Salesman stole £27,000 at Leeds luxury car firm

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A sales executive stole more than £27,000 through a series of fraudulent transactions while working for a luxury car firm.

Christopher Fogg, 28, carried out the deception over a six-month period while working at the Mecedes dealership, Gelderd Road, Leeds. Leeds Crown Court heard Fogg “skimmed off” money during 14 transactions in order pay off mounting gambling debts.

Simon Haring, prosecuting, told the court how, on one occasion, there was an over payment of £10,000 to a customer who bought a vehicle.

Fogg was able to falsify documents so that some of the overpaid cash was then paid into his bank account. On another occasion Fogg purported to have sold a vehicle for £82,000, despite the customer only paying £70,000 for it. Fogg again managed to divert some of the funds into his own bank account.

The offences took place between May and November 2013. Mr Haring said the total amount illegally obtained by Fogg was £27,541. Fogg was arrested in March last year and admitted the deception. He said he had gambling debts of £10,000 and also needed money to pay for child care.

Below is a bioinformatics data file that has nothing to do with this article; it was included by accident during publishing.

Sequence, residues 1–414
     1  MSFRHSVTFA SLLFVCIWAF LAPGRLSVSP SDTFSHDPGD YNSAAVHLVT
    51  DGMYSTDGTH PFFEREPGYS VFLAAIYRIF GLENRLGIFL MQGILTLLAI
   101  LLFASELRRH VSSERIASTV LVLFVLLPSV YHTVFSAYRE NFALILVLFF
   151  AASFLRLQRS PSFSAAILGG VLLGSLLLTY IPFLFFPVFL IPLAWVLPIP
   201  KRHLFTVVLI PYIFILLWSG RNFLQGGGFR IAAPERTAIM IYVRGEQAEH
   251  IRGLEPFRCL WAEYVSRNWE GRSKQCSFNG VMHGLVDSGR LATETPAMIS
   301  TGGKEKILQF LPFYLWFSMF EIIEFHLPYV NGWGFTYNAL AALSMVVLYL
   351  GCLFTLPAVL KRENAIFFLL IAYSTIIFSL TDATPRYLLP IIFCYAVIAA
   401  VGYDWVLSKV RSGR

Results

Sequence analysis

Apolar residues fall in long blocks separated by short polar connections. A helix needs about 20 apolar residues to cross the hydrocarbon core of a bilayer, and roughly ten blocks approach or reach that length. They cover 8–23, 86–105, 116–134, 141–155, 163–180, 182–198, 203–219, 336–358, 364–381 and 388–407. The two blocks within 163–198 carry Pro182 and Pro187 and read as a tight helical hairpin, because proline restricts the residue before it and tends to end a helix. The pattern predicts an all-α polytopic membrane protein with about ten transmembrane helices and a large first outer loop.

Fogg, now of Westborough Street, Thornaby, Stockton-on-Tees, pleaded guilty to fraud.

Marcus Waite, mitigating, said Fogg had no previous convictions and had co-operated with police at an early stage. Mr Waite said Fogg had been sacked by Mercedes but has since been offered work by another car sales firm. He added that Fogg had worked in the industry from leaving school. Mr Waite said Fogg had a young daughter, his partner was expecting another child and the conviction had affecton his family badly.

The lawyer added that Fogg and was remorseful for what he had done and had now cleared his gambling debts thanks to help from his parents. Fogg was given a 12-month prison sentence, suspended for two years, and ordered to do 18 hours unpaid work. Jailing Fogg, Recorder Jonathan Sandiford said: “You were employed as a sales executive and people trusted you and did not check up on what you were doing.

“This occurred over a period of time so it wasn’t just a one-off. There was a degree of sophistication because you falsified paperwork on at least one occasion.”

Paula Dillon, President of Leeds Chamber Commerce.

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